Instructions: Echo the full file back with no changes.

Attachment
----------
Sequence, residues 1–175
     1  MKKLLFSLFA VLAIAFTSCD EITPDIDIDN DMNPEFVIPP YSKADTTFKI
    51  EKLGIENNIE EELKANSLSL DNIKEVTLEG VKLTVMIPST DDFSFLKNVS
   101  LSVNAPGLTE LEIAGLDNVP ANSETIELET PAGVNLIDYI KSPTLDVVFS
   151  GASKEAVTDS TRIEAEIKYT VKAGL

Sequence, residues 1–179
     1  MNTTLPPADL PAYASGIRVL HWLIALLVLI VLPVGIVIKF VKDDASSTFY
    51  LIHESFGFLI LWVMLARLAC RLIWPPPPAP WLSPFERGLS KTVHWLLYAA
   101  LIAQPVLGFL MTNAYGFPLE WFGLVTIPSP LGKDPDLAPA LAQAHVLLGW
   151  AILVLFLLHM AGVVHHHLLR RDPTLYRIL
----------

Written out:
Sequence, residues 1–175
     1  MKKLLFSLFA VLAIAFTSCD EITPDIDIDN DMNPEFVIPP YSKADTTFKI
    51  EKLGIENNIE EELKANSLSL DNIKEVTLEG VKLTVMIPST DDFSFLKNVS
   101  LSVNAPGLTE LEIAGLDNVP ANSETIELET PAGVNLIDYI KSPTLDVVFS
   151  GASKEAVTDS TRIEAEIKYT VKAGL

Sequence, residues 1–179
     1  MNTTLPPADL PAYASGIRVL HWLIALLVLI VLPVGIVIKF VKDDASSTFY
    51  LIHESFGFLI LWVMLARLAC RLIWPPPPAP WLSPFERGLS KTVHWLLYAA
   101  LIAQPVLGFL MTNAYGFPLE WFGLVTIPSP LGKDPDLAPA LAQAHVLLGW
   151  AILVLFLLHM AGVVHHHLLR RDPTLYRIL